The South Asian languages, mainly Indo-Aryan and Dravidian, have become a
focus of interest in the formal study of language as a natural consequence
of the research program of the Principle and Parameters approach and an
enforced interest in exploring the parametrical space of human language.
The contributions to the present volume combine theoretical reasoning in
syntax and phonology with a comparative research agenda in which South
Asian languages figure prominently. The topics range from issues of clause
structure, serial verb constructions, cleft- and question formation, to the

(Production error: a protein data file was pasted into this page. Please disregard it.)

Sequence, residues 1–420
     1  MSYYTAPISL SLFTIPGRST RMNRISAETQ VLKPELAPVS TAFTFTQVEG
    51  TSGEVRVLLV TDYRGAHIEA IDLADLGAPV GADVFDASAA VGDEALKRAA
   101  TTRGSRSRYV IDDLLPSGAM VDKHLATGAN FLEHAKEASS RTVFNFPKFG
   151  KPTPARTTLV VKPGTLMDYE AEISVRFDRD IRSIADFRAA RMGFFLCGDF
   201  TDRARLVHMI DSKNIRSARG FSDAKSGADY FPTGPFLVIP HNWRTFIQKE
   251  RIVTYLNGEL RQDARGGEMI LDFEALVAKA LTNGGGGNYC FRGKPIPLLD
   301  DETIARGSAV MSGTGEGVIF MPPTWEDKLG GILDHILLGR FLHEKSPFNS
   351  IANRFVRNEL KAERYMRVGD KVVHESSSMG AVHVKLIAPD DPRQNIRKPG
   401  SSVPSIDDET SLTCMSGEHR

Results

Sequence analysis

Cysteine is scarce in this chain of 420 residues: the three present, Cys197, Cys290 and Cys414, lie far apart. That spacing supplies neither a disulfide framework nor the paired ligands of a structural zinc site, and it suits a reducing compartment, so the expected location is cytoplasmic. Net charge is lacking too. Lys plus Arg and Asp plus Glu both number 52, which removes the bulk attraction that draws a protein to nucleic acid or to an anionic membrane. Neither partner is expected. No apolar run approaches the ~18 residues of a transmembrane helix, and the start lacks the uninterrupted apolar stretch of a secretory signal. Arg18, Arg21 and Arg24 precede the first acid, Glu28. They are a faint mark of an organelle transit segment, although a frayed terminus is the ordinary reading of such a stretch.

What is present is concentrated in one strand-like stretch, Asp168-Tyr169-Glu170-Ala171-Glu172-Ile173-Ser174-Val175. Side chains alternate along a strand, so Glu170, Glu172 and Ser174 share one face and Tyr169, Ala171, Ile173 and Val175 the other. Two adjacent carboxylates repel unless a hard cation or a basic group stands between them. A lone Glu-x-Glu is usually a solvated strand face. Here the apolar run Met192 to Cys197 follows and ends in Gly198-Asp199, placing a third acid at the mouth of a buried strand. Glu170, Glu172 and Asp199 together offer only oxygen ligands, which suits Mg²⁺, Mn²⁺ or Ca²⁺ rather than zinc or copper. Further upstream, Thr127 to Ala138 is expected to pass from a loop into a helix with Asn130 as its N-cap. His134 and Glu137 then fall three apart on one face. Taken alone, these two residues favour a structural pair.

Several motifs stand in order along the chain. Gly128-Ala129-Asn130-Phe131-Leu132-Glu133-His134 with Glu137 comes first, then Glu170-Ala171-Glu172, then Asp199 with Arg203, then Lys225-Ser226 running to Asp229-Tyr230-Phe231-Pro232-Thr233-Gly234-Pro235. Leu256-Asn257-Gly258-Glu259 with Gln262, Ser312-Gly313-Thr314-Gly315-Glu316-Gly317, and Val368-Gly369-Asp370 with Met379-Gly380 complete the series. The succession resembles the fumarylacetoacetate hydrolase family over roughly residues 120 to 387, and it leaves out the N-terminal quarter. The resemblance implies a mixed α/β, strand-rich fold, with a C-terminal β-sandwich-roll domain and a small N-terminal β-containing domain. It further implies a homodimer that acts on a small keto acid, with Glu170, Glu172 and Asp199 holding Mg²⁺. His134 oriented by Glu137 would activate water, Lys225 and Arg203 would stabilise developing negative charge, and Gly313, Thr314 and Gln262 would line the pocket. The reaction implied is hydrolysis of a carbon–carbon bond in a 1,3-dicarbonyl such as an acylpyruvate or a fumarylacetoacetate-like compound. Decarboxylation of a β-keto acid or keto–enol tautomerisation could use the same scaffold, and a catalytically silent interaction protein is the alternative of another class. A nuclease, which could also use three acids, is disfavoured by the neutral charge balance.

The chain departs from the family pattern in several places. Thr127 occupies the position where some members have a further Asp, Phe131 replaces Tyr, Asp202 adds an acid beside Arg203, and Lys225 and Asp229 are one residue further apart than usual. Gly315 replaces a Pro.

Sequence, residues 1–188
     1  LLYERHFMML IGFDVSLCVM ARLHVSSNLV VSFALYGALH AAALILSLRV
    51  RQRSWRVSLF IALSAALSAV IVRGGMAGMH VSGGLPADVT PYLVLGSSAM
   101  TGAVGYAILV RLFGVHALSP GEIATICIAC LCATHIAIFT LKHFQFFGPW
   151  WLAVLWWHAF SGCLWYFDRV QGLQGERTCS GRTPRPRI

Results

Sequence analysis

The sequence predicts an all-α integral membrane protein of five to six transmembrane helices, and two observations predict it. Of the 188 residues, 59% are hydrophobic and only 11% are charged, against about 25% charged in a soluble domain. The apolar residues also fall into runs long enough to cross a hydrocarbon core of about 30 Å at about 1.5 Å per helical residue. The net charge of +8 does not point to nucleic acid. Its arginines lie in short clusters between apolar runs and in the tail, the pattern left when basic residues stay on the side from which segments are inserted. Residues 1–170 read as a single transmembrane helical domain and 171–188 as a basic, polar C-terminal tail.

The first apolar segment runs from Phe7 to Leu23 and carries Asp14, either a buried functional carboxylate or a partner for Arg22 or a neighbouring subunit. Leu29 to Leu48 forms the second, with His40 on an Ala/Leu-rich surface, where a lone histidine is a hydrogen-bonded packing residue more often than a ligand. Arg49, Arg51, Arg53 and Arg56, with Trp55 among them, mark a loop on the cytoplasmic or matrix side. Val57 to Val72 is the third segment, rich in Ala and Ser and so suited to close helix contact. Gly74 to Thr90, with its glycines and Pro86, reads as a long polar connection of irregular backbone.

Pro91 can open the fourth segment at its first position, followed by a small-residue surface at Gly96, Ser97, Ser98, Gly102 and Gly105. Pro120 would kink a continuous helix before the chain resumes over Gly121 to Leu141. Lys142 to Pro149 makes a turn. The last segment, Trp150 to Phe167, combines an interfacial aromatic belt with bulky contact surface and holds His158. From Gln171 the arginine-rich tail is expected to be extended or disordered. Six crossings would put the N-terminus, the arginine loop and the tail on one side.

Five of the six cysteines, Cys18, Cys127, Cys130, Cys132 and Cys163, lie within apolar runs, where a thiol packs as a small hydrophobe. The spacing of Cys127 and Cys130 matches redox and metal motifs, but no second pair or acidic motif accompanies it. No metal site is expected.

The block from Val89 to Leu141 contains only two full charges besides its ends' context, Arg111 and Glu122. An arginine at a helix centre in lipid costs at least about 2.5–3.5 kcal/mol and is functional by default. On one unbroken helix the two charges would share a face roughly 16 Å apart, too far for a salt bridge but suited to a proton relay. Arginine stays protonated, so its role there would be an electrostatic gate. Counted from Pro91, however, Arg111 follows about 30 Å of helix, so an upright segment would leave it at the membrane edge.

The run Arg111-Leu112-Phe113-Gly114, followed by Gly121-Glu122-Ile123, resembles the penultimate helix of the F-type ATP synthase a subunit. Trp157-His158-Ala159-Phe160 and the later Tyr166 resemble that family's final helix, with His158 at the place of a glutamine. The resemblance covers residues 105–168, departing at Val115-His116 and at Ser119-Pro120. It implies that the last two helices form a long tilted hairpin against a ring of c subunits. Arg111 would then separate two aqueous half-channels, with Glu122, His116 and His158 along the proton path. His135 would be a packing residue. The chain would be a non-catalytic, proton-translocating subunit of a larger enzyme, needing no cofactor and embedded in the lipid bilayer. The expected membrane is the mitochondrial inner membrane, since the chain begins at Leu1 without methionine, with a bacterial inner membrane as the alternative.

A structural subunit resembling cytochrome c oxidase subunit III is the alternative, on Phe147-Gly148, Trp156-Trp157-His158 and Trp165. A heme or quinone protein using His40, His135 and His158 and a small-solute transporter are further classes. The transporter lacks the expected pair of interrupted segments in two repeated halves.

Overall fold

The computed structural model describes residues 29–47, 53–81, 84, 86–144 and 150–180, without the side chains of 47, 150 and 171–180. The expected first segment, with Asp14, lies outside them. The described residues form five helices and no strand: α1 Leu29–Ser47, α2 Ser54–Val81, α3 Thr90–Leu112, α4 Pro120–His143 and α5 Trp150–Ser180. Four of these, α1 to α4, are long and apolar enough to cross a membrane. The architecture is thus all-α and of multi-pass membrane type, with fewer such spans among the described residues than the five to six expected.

question of what the proper syntactic format of modification should be,
issues of binding theory and raising, and issues of complementation, the
clausal periphery and clausal typing. The collection of articles concludes
with two chapters on Dravidian and comparative phonology and a chapter on
the shaping of phonological awareness by different writing systems. The
authors and the editors devote this piece of work to Professor K.A.
Jayaseelan, one of present-day India's most influential linguists.